Wendy Walker / Florence Neal
A collaboration between writer and artist.
An extension of their work together on Walker’s recent book, Blue Fire: Confessing Constance Kent.
An installation of paper screens consisting of text and images.
Brooklyn Public Library
December 28, 2001 – February 28, 2002
Artist Talk: Saturday, February 9, 2pm
In “Screen Memories” artist Florence Neal and writer Wendy Walker have collaborated on a show centering on the enigmatic figure of Constance Kent. Kent was a British woman who confessed in 1865 to the brutal murder of her three-year-old half-brother in 1860, when she was sixteen. This notorious crime had gone unsolved by Scotland Yard; it dominated the news and became material for both Charles Dickens’ last novel and his friend Wilkie Collins’ great masterpiece The Moonstone. Kent served twenty years in prison and then went with her naturalist brother to Australia, where she lived another sixty years, working as a nurse under a new name and dying at 100 in 1944.
The most extraordinary aspect of her story, however, is the near certainty that her confession was false. Her story does not tally with the facts established by forensic evidence which made it far more likely that the murderer was her father and the little boy’s. Around the mystery of this confession Walker wrote a book, Blue Fire: Confessing Constance Kent (designed by Neal), incorporating hundreds of contemporary texts and documents including accounts of the inquest, the letter in which Dickens showed how he would solve the crime, prison records, passages from “the Sydney Document” (the unsigned letter Kent wrote from Australia correcting details in a book published in the ‘20’s), and passages from authors Kent read or admired such as Walter Scott and Florence Nightingale. On the basis of this sensational case Neal has created black and white prints on 7’ paper screens for which Walker has chosen accompanying texts. Within the space created by the life-size screens, the audience enters into a visual dialectic of light, dark; consonance, dissonance; innocence and guilt.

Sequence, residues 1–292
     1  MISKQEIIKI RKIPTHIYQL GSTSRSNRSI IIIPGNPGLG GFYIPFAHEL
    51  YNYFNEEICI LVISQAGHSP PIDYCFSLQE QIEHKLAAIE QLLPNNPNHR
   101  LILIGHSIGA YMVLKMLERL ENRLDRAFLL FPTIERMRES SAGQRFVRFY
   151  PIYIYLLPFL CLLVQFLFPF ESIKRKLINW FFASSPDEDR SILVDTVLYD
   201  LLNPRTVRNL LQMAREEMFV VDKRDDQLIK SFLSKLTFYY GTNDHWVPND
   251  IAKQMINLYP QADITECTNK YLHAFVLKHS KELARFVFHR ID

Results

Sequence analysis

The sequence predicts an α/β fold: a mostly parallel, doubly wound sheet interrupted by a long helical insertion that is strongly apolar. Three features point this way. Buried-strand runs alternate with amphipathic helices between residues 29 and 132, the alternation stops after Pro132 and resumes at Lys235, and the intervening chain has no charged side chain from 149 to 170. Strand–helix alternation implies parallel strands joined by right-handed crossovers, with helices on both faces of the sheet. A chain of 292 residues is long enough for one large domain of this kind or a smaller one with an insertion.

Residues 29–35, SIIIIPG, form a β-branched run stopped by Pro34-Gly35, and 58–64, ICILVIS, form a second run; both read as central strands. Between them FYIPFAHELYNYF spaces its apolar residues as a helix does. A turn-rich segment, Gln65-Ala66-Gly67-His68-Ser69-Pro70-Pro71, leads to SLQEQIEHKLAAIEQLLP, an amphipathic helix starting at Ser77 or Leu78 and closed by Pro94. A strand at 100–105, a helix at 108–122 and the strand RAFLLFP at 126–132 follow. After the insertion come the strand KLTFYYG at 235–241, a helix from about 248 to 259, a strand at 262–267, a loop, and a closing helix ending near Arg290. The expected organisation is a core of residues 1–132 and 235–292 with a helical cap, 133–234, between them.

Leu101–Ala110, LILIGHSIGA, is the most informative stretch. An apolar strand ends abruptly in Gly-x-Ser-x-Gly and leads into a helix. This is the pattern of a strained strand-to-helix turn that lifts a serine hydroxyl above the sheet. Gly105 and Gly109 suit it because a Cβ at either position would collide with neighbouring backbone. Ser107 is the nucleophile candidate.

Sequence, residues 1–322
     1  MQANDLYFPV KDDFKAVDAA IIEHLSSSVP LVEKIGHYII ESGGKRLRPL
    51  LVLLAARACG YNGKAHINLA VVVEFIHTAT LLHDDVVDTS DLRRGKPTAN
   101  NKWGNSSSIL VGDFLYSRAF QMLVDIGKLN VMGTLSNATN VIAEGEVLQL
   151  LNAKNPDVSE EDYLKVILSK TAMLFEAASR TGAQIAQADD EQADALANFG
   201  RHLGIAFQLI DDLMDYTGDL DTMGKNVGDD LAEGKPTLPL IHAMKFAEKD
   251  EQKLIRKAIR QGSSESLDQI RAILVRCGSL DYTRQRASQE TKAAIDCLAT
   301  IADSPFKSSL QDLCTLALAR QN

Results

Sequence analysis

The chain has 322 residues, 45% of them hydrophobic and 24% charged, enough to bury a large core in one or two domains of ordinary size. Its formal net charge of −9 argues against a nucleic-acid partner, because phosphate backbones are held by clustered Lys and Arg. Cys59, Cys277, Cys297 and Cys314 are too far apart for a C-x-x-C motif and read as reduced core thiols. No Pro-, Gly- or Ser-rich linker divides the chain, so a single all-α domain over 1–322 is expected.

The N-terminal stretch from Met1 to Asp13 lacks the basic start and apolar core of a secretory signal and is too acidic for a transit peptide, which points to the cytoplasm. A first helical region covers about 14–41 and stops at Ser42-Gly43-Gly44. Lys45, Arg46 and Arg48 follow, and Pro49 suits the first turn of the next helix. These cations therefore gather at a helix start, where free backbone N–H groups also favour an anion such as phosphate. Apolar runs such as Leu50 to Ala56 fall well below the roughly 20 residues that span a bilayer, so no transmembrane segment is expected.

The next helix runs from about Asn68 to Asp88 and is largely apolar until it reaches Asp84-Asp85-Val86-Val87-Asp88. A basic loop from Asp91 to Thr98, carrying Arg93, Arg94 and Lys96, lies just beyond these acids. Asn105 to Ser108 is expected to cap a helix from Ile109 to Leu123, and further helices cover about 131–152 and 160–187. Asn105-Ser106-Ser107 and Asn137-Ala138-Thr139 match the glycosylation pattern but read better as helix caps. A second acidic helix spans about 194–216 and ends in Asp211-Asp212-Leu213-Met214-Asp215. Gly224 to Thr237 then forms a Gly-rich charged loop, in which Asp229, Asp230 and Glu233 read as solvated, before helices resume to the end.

Walker’s long interest in visual/verbal art led her to seek out Neal’s collaboration on her recent book, where many photographs of sites and characters are combined with text in a mosaic of word and image. This compositional method was inspired by the writings of Paul Metcalf but even more by the mosaics that Constance Kent, while in prison, designed for several English churches, including the crypt of St. Paul’s Cathedral in London. For Walker this seems the truest way to represent the facts of a life whose central fact is open to doubt, by juxtaposing “bits” that read each other instead of being explained by the author. Neal’s interest in the case centers on its protagonist. Neal has worked with linoleum prints for over twenty years to represent accelerations, bafflements, bursts of energy, lines of flight, interpenetrations and overlays. Her forms constitute a personal take on a universal iconography. They entice the viewer to explore, to remain open to the chance recognition of memories, ideas and connections. These forms seem to her suited to a rendering of Constance Kent’s complex psychology.
Wendy Walker and Florence Neal wish to thank the Brooklyn Public Library for the opportunity of creating a site-specific collaboration in “Screen Memories”. Wendy would like to thank the Richard Lounsbery Foundation of New York for its generous support in making it possible to visit the places where Constance Kent lived. Also thanks go to Hofstra University for its administrative assistance to the Lounsbery Foundation.